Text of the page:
[StBernard] Should Congress Be 'Perp-Walked'?

Westley Annis westley at da-parish.com
Thu Oct 2 00:21:50 EDT 2008

Should Congress Be 'Perp-Walked'?
By INVESTOR'S BUSINESS DAILY | Posted Tuesday, September 30, 2008 4:20 PM PT

Justice: A federal grand jury in New York is probing the accounting
shenanigans at Fannie Mae and Freddie Mac. It's about time, and we hope it
doesn't end there.

Remember the early 2000s, when companies such as WorldCom, Enron, Tyco and
Xerox suddenly and spectacularly were revealed to have been cooking their

Remember the glee expressed by Washington politicians, especially Democrats,
as they watched CEOs and their underlings get perp-walked out of their
buildings and into federal custody?

Enron became the poster child for corporate misdeeds. In the accounting
crisis of 2002, CEO Ken Lay was one of the most loathed human beings on
Earth. And no, that's not an exaggeration.

Here was California Attorney General William Lockyer, one of many Democrats
on the national scene who gloated at the downfall of the Enron chief and
others: "I would love to personally escort Lay to an 8-by-10 cell that he
could share with a tattooed dude who says, 'Hi, my name is Spike, honey.'"

Lockyer wasn't the only one swept up in a spiteful prosecutorial frenzy.
Sure, some of the prosecutions were deserved. But some were excessive, part
of a corporate witch hunt.

As noted in a 2003 study by Kathleen Brickey, a Washington University law
professor, the Justice Department brought 50 major fraud prosecutions from
March 2002 to August 2003. An estimated 90 corporate officers were involved.
That's a lot of prosecutions.

Basically, any major-company CEO whose stock price fell sharply could be
sued or charged with a crime and sent to prison.

Democrats wasted no time calling this a "GOP" scandal, tarring any
Republican official with charges of corruption for taking so much as a
dollar from any of the companies. Never mind that Democrats were also
prominent on the political gift lists.

Fanning the fire were news media highlighting Republican ties to
scandal-plagued firms while all but ignoring Democrat links.

In the end, what emerged from this atmosphere of retribution and attack was
Sarbanes-Oxley - the toxic corporate regulatory law that has arguably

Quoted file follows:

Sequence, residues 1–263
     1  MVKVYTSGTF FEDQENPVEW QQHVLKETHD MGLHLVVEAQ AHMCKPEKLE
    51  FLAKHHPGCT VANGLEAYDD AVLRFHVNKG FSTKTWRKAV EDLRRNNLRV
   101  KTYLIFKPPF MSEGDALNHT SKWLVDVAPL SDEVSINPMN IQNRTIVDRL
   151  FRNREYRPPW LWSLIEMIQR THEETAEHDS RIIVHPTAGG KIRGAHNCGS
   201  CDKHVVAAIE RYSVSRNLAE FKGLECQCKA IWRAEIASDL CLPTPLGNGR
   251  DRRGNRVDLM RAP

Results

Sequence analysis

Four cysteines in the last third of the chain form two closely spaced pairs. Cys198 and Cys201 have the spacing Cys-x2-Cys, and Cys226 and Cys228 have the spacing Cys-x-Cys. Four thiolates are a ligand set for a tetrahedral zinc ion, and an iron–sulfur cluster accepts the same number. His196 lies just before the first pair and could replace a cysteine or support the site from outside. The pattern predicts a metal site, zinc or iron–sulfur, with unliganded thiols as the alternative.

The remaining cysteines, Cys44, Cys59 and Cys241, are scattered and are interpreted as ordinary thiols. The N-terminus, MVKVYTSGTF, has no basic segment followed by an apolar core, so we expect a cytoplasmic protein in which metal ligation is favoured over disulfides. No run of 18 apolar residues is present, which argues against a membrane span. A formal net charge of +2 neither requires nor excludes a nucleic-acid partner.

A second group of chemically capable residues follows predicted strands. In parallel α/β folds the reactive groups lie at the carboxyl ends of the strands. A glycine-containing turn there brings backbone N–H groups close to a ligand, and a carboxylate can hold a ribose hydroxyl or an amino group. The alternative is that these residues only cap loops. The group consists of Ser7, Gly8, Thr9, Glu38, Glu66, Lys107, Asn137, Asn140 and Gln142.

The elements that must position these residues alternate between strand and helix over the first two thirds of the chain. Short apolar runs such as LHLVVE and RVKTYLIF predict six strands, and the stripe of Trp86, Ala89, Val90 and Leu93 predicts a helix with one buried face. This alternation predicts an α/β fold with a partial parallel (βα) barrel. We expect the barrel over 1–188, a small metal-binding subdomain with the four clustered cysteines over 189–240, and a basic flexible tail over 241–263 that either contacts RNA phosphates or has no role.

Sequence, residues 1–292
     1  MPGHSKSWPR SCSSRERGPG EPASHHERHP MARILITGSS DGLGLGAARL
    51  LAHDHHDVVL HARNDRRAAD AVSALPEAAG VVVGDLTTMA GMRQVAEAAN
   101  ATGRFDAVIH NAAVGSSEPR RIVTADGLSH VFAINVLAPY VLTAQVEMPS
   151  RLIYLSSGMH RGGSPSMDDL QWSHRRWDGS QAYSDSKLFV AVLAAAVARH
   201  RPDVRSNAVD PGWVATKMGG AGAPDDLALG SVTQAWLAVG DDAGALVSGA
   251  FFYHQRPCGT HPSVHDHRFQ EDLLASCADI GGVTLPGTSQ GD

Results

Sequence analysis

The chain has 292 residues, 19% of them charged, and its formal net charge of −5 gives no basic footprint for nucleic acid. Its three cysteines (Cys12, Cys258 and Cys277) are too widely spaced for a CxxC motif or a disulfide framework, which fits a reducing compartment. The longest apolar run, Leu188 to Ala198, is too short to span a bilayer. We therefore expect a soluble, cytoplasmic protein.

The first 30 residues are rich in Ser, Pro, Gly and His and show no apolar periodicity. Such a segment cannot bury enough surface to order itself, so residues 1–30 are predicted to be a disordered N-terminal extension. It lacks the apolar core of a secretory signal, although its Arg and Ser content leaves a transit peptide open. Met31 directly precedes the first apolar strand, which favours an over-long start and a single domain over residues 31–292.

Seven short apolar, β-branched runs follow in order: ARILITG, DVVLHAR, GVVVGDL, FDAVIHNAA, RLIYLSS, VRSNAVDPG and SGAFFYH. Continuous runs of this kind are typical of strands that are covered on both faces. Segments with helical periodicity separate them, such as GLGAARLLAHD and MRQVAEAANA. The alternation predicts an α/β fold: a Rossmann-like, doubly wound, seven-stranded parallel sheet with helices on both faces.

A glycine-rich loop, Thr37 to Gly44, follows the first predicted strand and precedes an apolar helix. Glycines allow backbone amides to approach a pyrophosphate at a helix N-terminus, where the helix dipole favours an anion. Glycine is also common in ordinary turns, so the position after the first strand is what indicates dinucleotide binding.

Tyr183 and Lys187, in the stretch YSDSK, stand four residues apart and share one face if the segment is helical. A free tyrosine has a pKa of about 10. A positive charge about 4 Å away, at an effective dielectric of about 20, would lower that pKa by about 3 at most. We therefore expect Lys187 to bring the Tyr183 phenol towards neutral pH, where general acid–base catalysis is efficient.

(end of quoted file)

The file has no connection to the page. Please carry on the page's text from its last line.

destroyed more wealth than anything WorldCom, Tyco or Enron ever did.

We mention all this because we now have an opportunity, thanks to the New
York grand jury, to probe perhaps the greatest financial crime ever - one
that dwarfs Enron in size and scope.

Yes, we're talking Fannie and Freddie.

Here's how James B. Lockhart III, head of the Office of Federal Housing
Enterprise Oversight, described the two companies back in 2006, before the
meltdown occurred:

"The result of (Fannie's and Freddie's) rapid growth unconstrained by market
forces and a weak regulator was years of mismanagement, flagrant earnings
manipulation, and systems-and-controls problems. Managements of both
companies were forced out, earnings were misstated by an estimated $16
billion, fines exceeding one-half billion dollars were imposed, and remedial
costs will exceed $2 billion."

Yet Congress did nothing. Fannie and Freddie continued to enjoy a virtual
monopoly of the housing finance market, holding nearly half the nation's $12
trillion in mortgage assets in 2007.

And what happened to Fannie's and Freddie's top executives, almost all with
deep ties to the Democratic Party? Did they get perp-walked to prison like
WorldCom's Bernie Ebbers, Tyco's Dennis Koslowski, Adelphia's John Rigas,
ImClone's Sam Waksal, or any of the others who did time for corporate
misdeeds in the early 2000s?

No. Jim Johnson, former Walter Mondale aide, became head of Barack Obama's
vice presidential search committee. Franklin Raines, who headed Fannie from
1998 to 2004, the years of its worst excesses, pocketed nearly $100 million
in pay and bonuses from Fannie. He, too, became an adviser to Obama.

Other Fannie-Freddie alumni did equally well. Rep. Rahm Emanuel has been
front and center in crafting a new rescue bill. Ex-Clinton Justice official
Jamie Gorelick careens from career catastrophe to catastrophe, and still
gets top jobs. It pays to have ties.

Meanwhile, as previously documented, Rep. Barney Frank and Sen. Chris Dodd
repeatedly thwarted reforms. Yet today they stand front-and-center as
Democrats try to "fix" a problem they created.

As such, any investigation into Fannie and Freddie must include Congress,
both current and past.

There's lots of evidence that the two mortgage giants had become little more
than taxpayer-guaranteed front companies for Democrats, who used them to
reward supporters with cheap loans and to provide jobs for out-of-work

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